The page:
Golf Gadgets Hurting Pace of Play?

I was perusing Twitter, as I’m known to do when I’m sitting around on the couch waiting for my daughter to wake up from one of her naps, and I came across this gem from The Golf Channel about speeding up the pace of play by using less “gadgets.”

The video is obviously an attempt to deliver a message in a humorous fashion and is overly cheesy, but I can’t fault them for any of that. I give them credit for trying to be lighthearted and more entertaining with their content. We all know that golf can get a little dry from time to time, so my hat’s off to Golf Channel’s constant efforts to spice it up a little bit.

But I digress, the message in the video is not how funny Charlie Rymer is (I actually do enjoy him and find him entertaining), but how too many people are using fancy golf gadgets on the course which is slowing down the pace of play. If you follow golf closely, you are well aware that pace of play has been a hot subject in the golf world for the past five years or so and everyone has their theory on how to resolve it. This Golf Channel idea is another one of those ideas and it isn’t a good one.

I’ve been playing golf for about 20 years or so now. It wasn’t long ago that I had to figure out the yardages all by myself…not that there’s anything wrong with that! It’s not like I could always take a caddy out as a kid at the local public course, not all carts had NASA’s GPS system, and I didn’t have a super sophisticated yardage book provided by the golf course. Let’s walk through the “manual” process.

First thing you have to do is find some point of reference on the hole with a yardage written on it. You just hope there’s one close to you, but this is often not the case. Once you find your sprinkler head, you need to walk off a distance and figure out how far away you are from there, then do some sort of mental calculation or guess to account for being off the straight line. THEN you have to determine where the pin is on the green and adjust your calculations accordingly. Nevermind if you have to determine carries, wind speed and direction, and other small contributing factors.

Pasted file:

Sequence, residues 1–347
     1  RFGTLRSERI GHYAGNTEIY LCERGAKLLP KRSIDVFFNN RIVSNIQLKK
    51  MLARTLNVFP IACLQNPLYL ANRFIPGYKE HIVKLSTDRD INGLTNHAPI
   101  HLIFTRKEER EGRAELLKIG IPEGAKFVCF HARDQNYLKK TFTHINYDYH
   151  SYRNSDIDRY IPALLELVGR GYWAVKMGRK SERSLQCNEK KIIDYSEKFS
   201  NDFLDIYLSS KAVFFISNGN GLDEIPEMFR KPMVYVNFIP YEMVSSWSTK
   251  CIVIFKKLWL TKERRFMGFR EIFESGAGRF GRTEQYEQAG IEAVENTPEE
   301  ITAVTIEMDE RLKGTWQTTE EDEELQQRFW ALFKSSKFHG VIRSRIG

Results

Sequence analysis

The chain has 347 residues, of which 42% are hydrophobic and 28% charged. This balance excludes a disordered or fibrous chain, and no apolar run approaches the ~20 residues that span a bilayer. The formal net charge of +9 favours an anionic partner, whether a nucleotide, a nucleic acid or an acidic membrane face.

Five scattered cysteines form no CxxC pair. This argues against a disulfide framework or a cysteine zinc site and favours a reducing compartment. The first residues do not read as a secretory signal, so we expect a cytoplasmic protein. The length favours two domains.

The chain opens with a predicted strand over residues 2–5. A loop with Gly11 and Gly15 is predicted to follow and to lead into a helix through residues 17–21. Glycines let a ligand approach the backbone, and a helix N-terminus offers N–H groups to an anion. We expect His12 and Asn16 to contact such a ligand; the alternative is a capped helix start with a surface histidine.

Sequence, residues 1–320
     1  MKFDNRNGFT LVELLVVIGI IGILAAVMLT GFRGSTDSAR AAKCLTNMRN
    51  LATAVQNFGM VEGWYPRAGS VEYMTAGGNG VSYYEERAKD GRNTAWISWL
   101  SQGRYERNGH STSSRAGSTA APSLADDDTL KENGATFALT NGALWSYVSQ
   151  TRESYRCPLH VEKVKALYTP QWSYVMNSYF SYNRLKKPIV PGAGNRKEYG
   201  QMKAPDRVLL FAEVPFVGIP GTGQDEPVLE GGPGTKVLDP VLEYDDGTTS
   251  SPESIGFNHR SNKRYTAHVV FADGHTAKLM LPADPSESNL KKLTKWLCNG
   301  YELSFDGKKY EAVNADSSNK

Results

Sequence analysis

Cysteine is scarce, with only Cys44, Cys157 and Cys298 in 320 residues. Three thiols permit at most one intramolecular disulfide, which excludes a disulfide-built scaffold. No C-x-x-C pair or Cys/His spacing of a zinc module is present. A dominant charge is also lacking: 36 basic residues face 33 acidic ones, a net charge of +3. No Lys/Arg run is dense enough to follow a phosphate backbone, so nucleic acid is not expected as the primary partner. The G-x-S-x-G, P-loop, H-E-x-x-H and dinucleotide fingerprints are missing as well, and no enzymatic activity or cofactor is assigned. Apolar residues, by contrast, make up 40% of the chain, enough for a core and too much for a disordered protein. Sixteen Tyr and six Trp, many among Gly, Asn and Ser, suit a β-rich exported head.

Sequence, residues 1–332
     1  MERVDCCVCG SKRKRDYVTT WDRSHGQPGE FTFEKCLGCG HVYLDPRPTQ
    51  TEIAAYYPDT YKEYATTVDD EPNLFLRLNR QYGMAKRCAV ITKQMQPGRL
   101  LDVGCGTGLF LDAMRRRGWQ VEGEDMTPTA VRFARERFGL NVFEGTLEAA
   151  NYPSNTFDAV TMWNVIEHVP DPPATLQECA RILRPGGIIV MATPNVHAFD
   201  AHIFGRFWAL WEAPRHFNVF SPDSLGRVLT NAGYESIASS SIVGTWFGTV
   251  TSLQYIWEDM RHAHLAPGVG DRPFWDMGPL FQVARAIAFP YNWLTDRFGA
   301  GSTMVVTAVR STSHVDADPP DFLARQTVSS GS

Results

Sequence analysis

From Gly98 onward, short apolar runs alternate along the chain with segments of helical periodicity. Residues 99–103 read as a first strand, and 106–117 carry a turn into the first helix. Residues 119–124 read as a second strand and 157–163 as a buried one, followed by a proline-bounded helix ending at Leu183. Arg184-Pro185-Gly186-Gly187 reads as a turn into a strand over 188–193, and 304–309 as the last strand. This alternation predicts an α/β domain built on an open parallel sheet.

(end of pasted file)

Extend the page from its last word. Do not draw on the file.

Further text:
Did that last paragraph seem complicated? Ultimately it’s not as complicated as it sounds, but it takes much longer to walk everything off and factor everything in. This is where I think “gadgets” save time. I can stand next to my ball, shoot my laser at what I need distances for, check the wind, hit my shot. This is a much quicker process for me.

I think if they let players use gadgets to determine distances more often, you would see an improvement in pace of play everywhere. I understand that it make take some of the tradition out of the game, but perhaps then people shouldn’t be complaining about pace of play being a problem. After all, “golf is a good walk ruined.”

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Bill Bush

Bill is a true golf gear nerd by definition who loves making custom club creations in his garage with tools like sledge hammers, blow torches, and his bare hands. By day, Bill is a technology manager living in the Chicago suburbs with his wife and kids. Bill plays Scott Readman Concepts putters and accessories.